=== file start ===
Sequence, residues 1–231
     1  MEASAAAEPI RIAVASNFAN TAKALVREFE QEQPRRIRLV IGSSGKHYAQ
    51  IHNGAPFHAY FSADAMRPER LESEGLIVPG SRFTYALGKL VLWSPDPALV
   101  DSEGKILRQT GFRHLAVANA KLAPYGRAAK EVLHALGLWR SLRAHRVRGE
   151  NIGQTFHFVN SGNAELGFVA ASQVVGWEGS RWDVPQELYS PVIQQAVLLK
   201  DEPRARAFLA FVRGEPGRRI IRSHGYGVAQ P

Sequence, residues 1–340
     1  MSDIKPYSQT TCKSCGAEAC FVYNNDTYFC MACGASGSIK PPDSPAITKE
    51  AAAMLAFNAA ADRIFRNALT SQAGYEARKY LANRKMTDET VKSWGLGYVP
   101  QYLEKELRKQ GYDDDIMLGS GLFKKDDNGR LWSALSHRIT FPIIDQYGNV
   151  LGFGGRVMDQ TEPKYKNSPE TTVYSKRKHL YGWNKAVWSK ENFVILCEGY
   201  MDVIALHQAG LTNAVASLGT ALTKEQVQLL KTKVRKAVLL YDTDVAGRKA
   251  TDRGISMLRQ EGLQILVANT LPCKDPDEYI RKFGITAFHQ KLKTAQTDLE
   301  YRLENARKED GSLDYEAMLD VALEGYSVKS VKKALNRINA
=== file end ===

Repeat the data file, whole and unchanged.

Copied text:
Sequence, residues 1–231
     1  MEASAAAEPI RIAVASNFAN TAKALVREFE QEQPRRIRLV IGSSGKHYAQ
    51  IHNGAPFHAY FSADAMRPER LESEGLIVPG SRFTYALGKL VLWSPDPALV
   101  DSEGKILRQT GFRHLAVANA KLAPYGRAAK EVLHALGLWR SLRAHRVRGE
   151  NIGQTFHFVN SGNAELGFVA ASQVVGWEGS RWDVPQELYS PVIQQAVLLK
   201  DEPRARAFLA FVRGEPGRRI IRSHGYGVAQ P

Sequence, residues 1–340
     1  MSDIKPYSQT TCKSCGAEAC FVYNNDTYFC MACGASGSIK PPDSPAITKE
    51  AAAMLAFNAA ADRIFRNALT SQAGYEARKY LANRKMTDET VKSWGLGYVP
   101  QYLEKELRKQ GYDDDIMLGS GLFKKDDNGR LWSALSHRIT FPIIDQYGNV
   151  LGFGGRVMDQ TEPKYKNSPE TTVYSKRKHL YGWNKAVWSK ENFVILCEGY
   201  MDVIALHQAG LTNAVASLGT ALTKEQVQLL KTKVRKAVLL YDTDVAGRKA
   251  TDRGISMLRQ EGLQILVANT LPCKDPDEYI RKFGITAFHQ KLKTAQTDLE
   301  YRLENARKED GSLDYEAMLD VALEGYSVKS VKKALNRINA